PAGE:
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Art Attack

Simon & Garfunkel were odd-looking; wee Paul with his monkish fringe and studied seriousness, tall Art with his receding white-fro, coming across like a beatnik boffin who’d be more at home in a Village coffee house than the science lab you could be forgiven for thinking he’d strayed from.


Don’t be fooled by the looks though, as Simon & Garfunkel were dynamite together, the masters of melody and close-knit harmonies. Their music seemed to arrive fully-formed; new yet familiar, with intricately picked ringing melodies cascading freely from Simon’s guitar while Garfunkel’s lead vocal floated on top. The first time I heard them (probably a warm and crackly Mrs Robinson on my dad’s record player), I knew the tune inside out before it had ended. By the second listen, it seemed as though their music had always been there.

As a duo, their music found fans in millions around the globe and for a wee while at least, they outsold all contemporaries. It seemed that every household in the country owned a Simon & Garfunkel album. Friends’ parents, neighbours, aunts and uncles all owned them. My dad’s pal who we called ‘Uncle’ even though he was no blood relation at all (we’ve all got an ‘uncle’ like that, haven’t we?) tucked away his Simon & Garfunkel records next to his Abba and Elton John albums. His collection, like many from that era, was hardly out there or edgy, but it wasn’t insipid easy listening either. As with the other artists named above, Simon & Garfunkel’s music is timeless. It’s both class and classic.


Formed from a friendship that stretched back years to their Queens, New York childhood, by the time they’d hit their first real success with 1964’s Sound Of Silence single and its parent album, Wednesday Morning, 3. A.M., they’d perfected their act, from the folk-via-Everlys ‘Hey Schoolgirl’, recorded as Tom & Jerry – Art was Tom, Paul was Jerry – before going their separate ways to try their luck as solo artists, before once again hooking up as the more straight-forward Simon & Garfunkel.

Throughout the 60s, their records were on constant rotation, especially in the States where Americans finally had something of their own that could rival the imported popular acts of the day. Nothing like the beat groups from the UK, they steadfastly ploughed their own furrow, gathering popularity with each record they released. In an act that almost split the duo, at the record company’s insistence, the cream of session musicians – the Wrecking Crew – were brought in to embellish their music. Songs that had been recorded as a close-miked two piece now drowned under the weight of reverb and drums and strings and – no! – electric guitars. Despite this jiggery pokery, the records sounded terrific, and their ever-increasing sales and chart positions seemed to justify the enhanced approach.


By the end of the decade though, small Paul and tall Art hated one another. Years of being in the same room, sharing the same stage, management, record label, even apartment at one point all came to a head. Offered the chance of a part in the movie adaptation of Catch 22, Garfunkel grabbed it firmly with both hands and left on the next available plane for Mexico. Simon, with little to do but write alone, turned in one of the finest songs in his back catalogue.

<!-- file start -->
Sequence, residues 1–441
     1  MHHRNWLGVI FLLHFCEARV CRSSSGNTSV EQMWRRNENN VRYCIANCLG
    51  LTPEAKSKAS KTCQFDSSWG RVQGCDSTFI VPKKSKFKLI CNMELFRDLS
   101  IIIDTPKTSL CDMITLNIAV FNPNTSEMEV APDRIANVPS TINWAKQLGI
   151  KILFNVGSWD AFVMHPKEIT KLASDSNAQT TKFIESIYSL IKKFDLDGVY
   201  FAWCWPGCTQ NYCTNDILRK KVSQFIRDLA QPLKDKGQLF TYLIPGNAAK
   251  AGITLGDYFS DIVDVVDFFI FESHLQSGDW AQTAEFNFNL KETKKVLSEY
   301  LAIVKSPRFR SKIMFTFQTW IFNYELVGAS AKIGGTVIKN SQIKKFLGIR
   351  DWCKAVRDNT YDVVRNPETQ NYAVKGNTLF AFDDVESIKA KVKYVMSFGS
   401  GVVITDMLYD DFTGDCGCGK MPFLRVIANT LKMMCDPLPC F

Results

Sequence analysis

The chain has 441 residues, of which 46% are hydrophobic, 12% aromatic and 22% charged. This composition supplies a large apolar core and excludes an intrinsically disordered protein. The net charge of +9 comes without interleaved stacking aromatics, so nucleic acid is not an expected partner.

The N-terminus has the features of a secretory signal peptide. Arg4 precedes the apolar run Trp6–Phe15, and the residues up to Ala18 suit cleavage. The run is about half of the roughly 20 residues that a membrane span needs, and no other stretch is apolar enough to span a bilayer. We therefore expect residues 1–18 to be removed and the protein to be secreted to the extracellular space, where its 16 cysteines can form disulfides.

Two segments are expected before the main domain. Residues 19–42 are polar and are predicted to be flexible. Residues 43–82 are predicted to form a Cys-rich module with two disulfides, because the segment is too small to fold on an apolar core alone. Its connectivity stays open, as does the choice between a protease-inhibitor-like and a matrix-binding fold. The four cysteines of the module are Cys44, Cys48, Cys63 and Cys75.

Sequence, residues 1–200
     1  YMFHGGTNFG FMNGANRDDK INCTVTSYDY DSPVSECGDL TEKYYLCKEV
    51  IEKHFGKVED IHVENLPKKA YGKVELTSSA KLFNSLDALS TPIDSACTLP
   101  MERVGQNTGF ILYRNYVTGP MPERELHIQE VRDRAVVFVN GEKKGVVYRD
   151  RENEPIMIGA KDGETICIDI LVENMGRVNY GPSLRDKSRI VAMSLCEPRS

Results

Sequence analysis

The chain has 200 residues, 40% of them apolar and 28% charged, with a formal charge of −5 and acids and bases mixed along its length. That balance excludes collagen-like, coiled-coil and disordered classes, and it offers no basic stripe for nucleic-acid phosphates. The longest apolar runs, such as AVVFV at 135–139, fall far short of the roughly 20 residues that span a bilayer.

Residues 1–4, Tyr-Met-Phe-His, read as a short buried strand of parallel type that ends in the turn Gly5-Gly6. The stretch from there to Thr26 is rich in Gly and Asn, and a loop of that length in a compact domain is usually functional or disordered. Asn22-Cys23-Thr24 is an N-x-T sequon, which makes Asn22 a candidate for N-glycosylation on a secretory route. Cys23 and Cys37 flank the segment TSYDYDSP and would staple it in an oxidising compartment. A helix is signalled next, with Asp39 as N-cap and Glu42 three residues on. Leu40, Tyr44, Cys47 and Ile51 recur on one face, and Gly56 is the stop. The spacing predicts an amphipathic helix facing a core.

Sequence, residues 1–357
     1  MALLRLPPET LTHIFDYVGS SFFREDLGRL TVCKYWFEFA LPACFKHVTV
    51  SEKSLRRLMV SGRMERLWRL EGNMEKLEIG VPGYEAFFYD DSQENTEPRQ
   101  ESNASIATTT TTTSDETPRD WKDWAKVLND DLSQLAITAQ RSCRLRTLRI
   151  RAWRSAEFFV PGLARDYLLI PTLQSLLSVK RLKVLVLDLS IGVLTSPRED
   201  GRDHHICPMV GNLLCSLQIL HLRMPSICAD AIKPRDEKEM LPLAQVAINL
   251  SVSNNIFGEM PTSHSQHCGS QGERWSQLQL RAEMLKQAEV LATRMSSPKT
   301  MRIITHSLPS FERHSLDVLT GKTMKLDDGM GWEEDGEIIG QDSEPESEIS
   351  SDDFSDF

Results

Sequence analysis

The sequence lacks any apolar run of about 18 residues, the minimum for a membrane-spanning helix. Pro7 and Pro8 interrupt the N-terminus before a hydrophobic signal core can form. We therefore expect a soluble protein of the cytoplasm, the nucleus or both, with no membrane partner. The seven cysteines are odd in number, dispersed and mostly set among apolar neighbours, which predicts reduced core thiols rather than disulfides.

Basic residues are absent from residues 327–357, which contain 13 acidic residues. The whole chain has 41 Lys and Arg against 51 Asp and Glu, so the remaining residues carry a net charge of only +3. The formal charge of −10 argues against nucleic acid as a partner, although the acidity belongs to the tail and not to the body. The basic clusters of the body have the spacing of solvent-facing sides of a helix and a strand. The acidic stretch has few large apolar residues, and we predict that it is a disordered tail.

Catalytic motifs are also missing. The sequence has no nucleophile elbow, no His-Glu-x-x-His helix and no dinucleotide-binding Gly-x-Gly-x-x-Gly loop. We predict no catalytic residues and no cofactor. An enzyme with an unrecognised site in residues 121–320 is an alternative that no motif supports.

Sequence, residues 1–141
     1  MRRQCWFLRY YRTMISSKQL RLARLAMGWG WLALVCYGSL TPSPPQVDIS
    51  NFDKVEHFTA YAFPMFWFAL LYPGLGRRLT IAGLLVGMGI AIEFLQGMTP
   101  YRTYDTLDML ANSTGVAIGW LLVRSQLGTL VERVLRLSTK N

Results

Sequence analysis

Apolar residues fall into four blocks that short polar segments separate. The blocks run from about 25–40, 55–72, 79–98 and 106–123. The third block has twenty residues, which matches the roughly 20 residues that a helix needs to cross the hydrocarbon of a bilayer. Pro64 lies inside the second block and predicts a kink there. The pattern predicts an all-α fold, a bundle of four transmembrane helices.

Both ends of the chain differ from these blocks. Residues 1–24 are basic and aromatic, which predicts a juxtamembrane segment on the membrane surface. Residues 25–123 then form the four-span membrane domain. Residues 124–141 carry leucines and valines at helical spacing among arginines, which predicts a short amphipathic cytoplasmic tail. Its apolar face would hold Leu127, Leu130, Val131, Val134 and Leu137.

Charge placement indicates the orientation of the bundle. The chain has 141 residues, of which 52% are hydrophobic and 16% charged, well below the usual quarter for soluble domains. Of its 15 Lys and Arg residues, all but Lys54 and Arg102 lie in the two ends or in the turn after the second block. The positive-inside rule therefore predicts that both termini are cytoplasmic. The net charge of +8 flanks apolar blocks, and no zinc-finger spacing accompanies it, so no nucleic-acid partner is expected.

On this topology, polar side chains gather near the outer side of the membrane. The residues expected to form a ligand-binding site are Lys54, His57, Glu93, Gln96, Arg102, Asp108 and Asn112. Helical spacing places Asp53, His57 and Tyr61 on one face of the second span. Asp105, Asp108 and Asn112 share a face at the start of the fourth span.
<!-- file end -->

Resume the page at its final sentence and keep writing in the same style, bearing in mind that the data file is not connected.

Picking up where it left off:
The Only Living Boy In New York is a straightforward tale of the events.

Tom, it starts, get your plane right on time. I know your part’ll go fine. Fly down to Mexico. Da-n-da-da-n-da-n-da-da and here I am, The only living boy in New York.

I’ve got nothing to do today but smile…..I know you’ve been eager to fly now………let your honesty shine like it shines on me…

You don’t need to read too much between the lines to see the giant-sized cracks in their relationship.

Simon & GarfunkelThe Only Living Boy In New York

It’s a brilliant song, simply strummed and softly sung. Enhanced by overdubbed and underplayed keys, a Fender bass line that Brian Wilson would be proud of and a subtle cacophony of Hal Blaine tumbling toms, The Only Living Boy In New York is Simon & Garfunkel in miniature. By the time the aah-aah-aahing backing vocals come in, it’s almost all too much. Almost, but not quite. If you play it once, you’ll want to replay it 4 or 5 times before commencing the rest of your day. But you knew that already.


Fast forward a couple of decades and another joined-at-the-hipper-than-hip couple released their own version. Everything But The Girl‘s Tracey and Ben turn in a performance that, while faithful to the original, sounds a bit flat and, for want of a better word, mumsy. It features enough of their own identity – her furrowed brow and downcast, melancholic vocals and his richly-produced guitar and naked-and-out-there singing voice – to make it a reasonable EBTH cut, but as you are no doubt aware, there are far better tracks in their back catalogue.

Everything But The GirlThe Only Living Boy In New York

Sadly, there’s no space here to include Carter USM‘s punningly-named Only Living Boy In New Cross. A terrible band with (admittedly) a great line in puntastic song titles. If two grown men wearing baggy shorts and backwards baseball caps while shouting over rudimentary drum machines in daan sarf accents is your cup of tea, head on over to YouTube. Or 1991.

4 thoughts on “Art Attack”

  1. I love TOLBINY – it’s the most Jewish pop song song in the world. Don’t mind me, I’m dying, you enjoy yourself, it’s alright. I’m dying quietly. I love you. You c@nt.

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